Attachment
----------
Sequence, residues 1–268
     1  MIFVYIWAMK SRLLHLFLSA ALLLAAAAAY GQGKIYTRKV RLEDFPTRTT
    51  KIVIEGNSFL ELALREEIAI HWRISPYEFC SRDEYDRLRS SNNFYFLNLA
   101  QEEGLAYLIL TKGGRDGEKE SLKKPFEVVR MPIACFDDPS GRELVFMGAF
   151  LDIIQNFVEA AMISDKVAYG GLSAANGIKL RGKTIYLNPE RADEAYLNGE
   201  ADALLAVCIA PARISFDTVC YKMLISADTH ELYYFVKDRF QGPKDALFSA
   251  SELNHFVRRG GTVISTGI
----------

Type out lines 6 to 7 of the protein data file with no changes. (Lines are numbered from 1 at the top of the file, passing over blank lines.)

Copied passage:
   201  ADALLAVCIA PARISFDTVC YKMLISADTH ELYYFVKDRF QGPKDALFSA
   251  SELNHFVRRG GTVISTGI